But that leeway’s led to this. Manchester United is inexplicably bad, perhaps indefensibly so, an it’s nothing new. Liverpool’s rout provided more proof, but this is United’s 2013-14 season: A quest for rock bottom.
3. 11th man not necessary for Manchester City at Hull
Vincent Kompany’s case as one of the world’s best defenders is a strange one. Physically, and in terms of skill, talent, and capability, he may be the most complete defender in the world. He’s reputed to be one of the smartest players in the game, yet when he doesn’t have a somebody to his left that can provide decent cover, things go awry. His want to venture from his place in the defense — to take advantage of his athleticism, skill, and ability to read the game — comes back to haunt him.
On Saturday, perhaps he was hard done, but defenders know. If you are behind a guy and pull him down, you’re going to walk when nobody else between that man and goal. Argue about when defines a true goal scoring opportunity all you want, but the moment Nikica Jelavic got past him, Kompany couldn’t foul.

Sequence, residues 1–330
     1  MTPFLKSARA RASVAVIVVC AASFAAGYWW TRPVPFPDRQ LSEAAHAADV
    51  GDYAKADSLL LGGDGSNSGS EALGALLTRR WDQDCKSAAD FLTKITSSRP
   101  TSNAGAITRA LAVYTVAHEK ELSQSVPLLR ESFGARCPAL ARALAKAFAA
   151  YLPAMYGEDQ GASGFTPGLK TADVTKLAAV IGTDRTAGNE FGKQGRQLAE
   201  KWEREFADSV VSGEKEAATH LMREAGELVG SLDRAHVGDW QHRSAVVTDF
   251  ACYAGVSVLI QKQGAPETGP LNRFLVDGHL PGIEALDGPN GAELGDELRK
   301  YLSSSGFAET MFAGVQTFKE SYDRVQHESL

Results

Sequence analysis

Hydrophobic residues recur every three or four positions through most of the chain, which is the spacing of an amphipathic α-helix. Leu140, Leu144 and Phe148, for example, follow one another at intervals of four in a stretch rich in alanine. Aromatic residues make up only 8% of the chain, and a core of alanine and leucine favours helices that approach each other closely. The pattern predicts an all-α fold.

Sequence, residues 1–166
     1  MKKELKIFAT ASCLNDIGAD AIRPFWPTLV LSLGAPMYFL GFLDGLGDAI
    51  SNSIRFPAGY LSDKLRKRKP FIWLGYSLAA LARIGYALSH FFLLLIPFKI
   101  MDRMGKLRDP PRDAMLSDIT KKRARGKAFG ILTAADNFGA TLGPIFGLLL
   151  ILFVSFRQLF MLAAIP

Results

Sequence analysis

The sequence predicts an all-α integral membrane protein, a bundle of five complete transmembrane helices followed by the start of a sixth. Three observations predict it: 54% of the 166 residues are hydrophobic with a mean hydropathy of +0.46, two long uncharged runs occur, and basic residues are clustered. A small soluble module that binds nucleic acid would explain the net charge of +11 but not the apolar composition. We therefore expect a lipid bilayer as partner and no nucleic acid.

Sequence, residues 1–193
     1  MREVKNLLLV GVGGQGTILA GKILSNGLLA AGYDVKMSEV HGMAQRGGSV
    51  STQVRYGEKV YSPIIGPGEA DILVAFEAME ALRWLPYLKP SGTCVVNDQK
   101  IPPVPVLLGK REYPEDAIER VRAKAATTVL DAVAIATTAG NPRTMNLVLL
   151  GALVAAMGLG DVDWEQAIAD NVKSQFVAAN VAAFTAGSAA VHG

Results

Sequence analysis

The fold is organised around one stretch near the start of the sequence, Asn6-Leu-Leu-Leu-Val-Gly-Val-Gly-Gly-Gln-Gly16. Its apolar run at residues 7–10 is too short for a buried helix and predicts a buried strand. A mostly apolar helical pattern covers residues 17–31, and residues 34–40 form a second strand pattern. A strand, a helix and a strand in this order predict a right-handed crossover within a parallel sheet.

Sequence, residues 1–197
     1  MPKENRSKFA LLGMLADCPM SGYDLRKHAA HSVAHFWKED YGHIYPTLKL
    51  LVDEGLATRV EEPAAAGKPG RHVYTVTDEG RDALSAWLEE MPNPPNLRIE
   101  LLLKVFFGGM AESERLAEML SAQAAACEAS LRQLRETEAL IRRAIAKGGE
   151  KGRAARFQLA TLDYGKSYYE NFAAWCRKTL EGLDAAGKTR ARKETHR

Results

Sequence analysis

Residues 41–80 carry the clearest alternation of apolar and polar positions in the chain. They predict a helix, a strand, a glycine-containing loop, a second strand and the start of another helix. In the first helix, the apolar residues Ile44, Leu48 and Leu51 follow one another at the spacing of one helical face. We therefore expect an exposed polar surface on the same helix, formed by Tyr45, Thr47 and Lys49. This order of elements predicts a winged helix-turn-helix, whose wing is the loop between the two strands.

Thankfully for City, the dismissal didn’t matter. Playing with 10 men for 80 minutes, the Citizens still produced at 2-0 win at Hull. A quick response from David Silva and late insurance from Edin Dzeko helped bring City within six points of Chelsea, with their league-leading +44 goal difference set to help them in any tiebreaker scenario.
Their biggest advantage, though: Three games in hand on the Blues. On a points-per-game basis, Manchester City have the best record in the league. Whether that holds up while it makes up those games in hand will determine whether Manuel Pellegrini will finally break through and claim a European league title.